Read on for details about our choice in today’s lead photo. Sherri brought this subject to mind when she commented that “Flying to Hawaii these days is no different than flying to Newark.” She added, “I get cutting the costs, but there is no reason to cut the aloha spirit. It doesn’t cost a thing to be nice.” Right you are Sherri.
Many of us remember all too well what made flights to Hawaii indelibly memorable, and sometimes still does. What do you remember?
Coming up short on Aloha, Pam said about her flight to Hawaii, “They started to hand out crackers and cokes and when they got to our row, 3 rows down they said they ran out. We’re were starving. Thank goodness I had a few things in my purse. This trip we only got what economy was offered. With the cost of tickets you would think American could go to Costco and buy crackers, right? It amazes me the ticket prices.”
Reminiscing, Joe B said, “Prior to landing, we got a 2 pack of Caramac candy. Hooked me on them and been eating them for the past 33 years. I’ve been to Hawaii over 20 times since and nobody does that anymore. Service on the airlines has been going down hill fast. On a recent flight on American, my (first class) dinner was still frozen and I sent it back. No replacement. I asked the FA if there was another meal and he offered me a meal to purchase!”
Here’s a list of things that made Hawaii flights uniquely wonderful, some of which are gone.
A traditional lei greeting: Passengers were met on arrival with fresh and fragrant Hawaiian flower lei. Don’t forget the lei stands at Honolulu Airport (a few of which remain), where we’d go to purchase lei for friends and family.
Live Music: Music performances could be found sometimes before, during, and after flights to Hawaii. While it would be unusual now to be greeted at the gate by musicians, you can still find live music in Hawaii airports.
Flight departure and arrival hula shows: Cultural performances that set the tone for epic island vacations.
Flight crew special attire: Crew uniforms with Hawaiian motifs or themes. While it remains Hawaiian Airlines stock-in-trade, other airlines still have some touches. On Monday, our United Airlines crew to Hawaii didn’t have anything more than a touch here and there – like a Hawaiiana apron, for example.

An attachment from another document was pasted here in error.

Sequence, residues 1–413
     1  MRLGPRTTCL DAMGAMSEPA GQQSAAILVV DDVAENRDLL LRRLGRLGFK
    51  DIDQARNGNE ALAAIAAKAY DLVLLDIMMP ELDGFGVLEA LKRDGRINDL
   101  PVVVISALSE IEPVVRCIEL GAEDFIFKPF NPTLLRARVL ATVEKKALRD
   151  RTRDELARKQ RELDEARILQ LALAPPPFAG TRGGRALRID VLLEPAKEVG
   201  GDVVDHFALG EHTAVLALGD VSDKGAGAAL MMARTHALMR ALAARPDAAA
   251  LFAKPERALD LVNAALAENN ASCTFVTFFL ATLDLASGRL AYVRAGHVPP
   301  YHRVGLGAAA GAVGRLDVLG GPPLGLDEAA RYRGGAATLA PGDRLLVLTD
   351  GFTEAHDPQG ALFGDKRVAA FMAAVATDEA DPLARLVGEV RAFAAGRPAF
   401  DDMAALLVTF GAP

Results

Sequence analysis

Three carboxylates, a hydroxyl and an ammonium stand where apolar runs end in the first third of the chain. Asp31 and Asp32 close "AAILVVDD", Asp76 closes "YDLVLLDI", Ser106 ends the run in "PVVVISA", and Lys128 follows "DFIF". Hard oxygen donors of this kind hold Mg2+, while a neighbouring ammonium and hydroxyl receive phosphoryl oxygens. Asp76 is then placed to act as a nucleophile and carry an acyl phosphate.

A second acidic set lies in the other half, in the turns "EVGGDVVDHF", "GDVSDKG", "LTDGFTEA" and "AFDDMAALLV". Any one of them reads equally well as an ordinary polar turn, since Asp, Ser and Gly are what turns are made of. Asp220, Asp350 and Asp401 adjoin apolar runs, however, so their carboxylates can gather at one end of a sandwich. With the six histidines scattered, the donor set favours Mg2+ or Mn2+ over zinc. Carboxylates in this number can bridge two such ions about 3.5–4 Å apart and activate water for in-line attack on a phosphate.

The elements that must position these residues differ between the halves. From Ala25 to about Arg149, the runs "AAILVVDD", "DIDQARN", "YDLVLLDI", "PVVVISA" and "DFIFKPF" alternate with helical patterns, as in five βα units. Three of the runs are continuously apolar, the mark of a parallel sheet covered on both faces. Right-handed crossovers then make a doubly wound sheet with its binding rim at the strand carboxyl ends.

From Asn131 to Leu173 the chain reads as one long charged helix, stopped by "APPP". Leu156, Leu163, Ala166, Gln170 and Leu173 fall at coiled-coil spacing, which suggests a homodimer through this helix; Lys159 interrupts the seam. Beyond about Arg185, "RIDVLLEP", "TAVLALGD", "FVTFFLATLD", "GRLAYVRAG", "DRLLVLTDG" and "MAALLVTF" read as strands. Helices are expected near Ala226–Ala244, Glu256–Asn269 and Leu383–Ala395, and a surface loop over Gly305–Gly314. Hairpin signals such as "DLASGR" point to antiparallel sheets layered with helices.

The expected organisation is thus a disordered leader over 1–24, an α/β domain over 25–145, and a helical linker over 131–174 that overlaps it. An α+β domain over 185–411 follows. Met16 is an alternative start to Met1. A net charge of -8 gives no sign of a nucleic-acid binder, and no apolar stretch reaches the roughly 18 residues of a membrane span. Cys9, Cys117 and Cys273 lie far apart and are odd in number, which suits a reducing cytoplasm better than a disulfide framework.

Educational narratives: In-flight information about Hawaiian history and landmarks. Those were always a lot of fun when arriving or departing Hawaii, and we haven’t heard them for a while, it seems. We also remember the halfway to Hawaii-game played with other passengers. The Pilot would announce distance, airspeed, headwind, and take-off time to help you guess the right answer.
Unique in-flight entertainment: Special programming highlighting Hawaiian culture and music. Here, too, it’s a focus area for Hawaiian, and that’s about all are aware of. We also remember that some airlines, like defunct Northwest, offered exercise instruction on board. That was before single aisle service and knee-breaking seat pitch.
Hawaiian cuisine and snacks: Unique and authentic Hawaiian meals on board. In a word, no. Maybe on Hawaiian’s first class, wide-body flights, but other than that and some Hawaii snacks, we haven’t seen this in a long time. But then we’ll save airline meals for a whole other story.
Cultural ambiance: Cabin decor reflecting Hawaii’s cultural elements. That’s always been in the wheelhouse of Hawaiian Airlines alone.
Island-themed amenities: Both United Airlines and Hawaiian Airlines have Hawaii-themed premium amenity kits, pictured here. We’ve also seen Hawaii-themed blankets (Hawaiian has a new line of these coming up for their Dreamliners), pillows, and other amenities.
Signature beverages: Offering island-themed soft drinks, like POG, and Hawaiian cocktails continues to this day.
Flights to Hawaii are different. Why? These are among the longest overwater flights in the world (without a diversion point), with more than 2,500 miles of open ocean separating the islands from North America. It means that you could at any point be up to three hours from the nearest diversion airport. For a multitude of reasons, safety takes on a new meaning.
Did you know that the FAA once said they would never allow flights to Hawaii on today’s twin-engine aircraft?
“It’ll be a cold day in hell before I let twins fly long-haul over-water routes,” said FAA Administrator Lynn Helms in 1980 when asked by Boeing to approve longer duration ETOPS. If you don’t know ETOPS, we’ll share more in today’s post. It is critical that an aircraft can fly with one engine across the Pacific, even when it is three hours away from land. For Hawaii flights, that requires what’s known as ETOPS-180 certification.
Alaska Airlines 737 to Hawaii was ground-breaking.
Aloha Airlines was the first to operate a 737 (with ETOPS-180) to Hawaii. They paved the way for Alaska Airlines, Southwest Airlines and United Airlines in that regard. That was in 2000, when they flew their Boeing 737-700 aircraft. That also opened the door to today’s other twin-engine jets, the Boeing Airbus A321 used by American Airlines, Delta Airlines and Hawaiian Airlines.
How much Hawaii aviation has changed. It’s interesting how much has changed since the FAA said “no way” to twin engine Hawaii flights. But now, 4-engine jets have largely disappeared, especially from Hawaii’s skies.
Hawaiian Airlines is still the leader when it comes to island-themed service on board: How important is that when choosing your airline to the islands? In the past, Alaska came in second. We’ll be flying with them in December to see if that’s still true.